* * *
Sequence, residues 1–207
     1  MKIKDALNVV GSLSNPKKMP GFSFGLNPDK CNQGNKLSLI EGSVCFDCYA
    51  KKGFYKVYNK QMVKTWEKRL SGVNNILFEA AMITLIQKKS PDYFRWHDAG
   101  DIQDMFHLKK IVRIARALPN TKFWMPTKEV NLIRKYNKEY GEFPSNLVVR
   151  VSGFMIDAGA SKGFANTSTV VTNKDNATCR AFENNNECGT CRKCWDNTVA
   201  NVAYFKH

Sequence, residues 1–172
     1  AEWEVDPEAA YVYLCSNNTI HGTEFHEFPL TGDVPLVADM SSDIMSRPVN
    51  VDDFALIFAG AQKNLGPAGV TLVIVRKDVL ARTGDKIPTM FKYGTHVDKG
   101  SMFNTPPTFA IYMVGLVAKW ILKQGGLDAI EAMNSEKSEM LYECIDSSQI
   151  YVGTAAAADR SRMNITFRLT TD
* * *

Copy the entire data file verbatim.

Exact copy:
Sequence, residues 1–207
     1  MKIKDALNVV GSLSNPKKMP GFSFGLNPDK CNQGNKLSLI EGSVCFDCYA
    51  KKGFYKVYNK QMVKTWEKRL SGVNNILFEA AMITLIQKKS PDYFRWHDAG
   101  DIQDMFHLKK IVRIARALPN TKFWMPTKEV NLIRKYNKEY GEFPSNLVVR
   151  VSGFMIDAGA SKGFANTSTV VTNKDNATCR AFENNNECGT CRKCWDNTVA
   201  NVAYFKH

Sequence, residues 1–172
     1  AEWEVDPEAA YVYLCSNNTI HGTEFHEFPL TGDVPLVADM SSDIMSRPVN
    51  VDDFALIFAG AQKNLGPAGV TLVIVRKDVL ARTGDKIPTM FKYGTHVDKG
   101  SMFNTPPTFA IYMVGLVAKW ILKQGGLDAI EAMNSEKSEM LYECIDSSQI
   151  YVGTAAAADR SRMNITFRLT TD